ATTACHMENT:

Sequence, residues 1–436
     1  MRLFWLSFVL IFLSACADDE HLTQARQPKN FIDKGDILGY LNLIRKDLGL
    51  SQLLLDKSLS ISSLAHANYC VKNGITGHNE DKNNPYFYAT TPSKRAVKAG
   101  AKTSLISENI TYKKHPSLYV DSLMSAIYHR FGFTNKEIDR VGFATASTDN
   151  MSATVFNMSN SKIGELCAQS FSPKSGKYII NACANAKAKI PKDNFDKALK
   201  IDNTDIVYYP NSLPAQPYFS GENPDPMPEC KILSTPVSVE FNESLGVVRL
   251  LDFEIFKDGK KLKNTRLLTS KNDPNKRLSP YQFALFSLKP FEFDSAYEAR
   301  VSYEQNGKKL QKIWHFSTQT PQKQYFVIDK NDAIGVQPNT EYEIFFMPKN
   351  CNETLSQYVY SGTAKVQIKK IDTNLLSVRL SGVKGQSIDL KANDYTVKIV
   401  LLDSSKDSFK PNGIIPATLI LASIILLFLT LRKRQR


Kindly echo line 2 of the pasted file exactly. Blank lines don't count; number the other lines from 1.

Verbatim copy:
     1  MRLFWLSFVL IFLSACADDE HLTQARQPKN FIDKGDILGY LNLIRKDLGL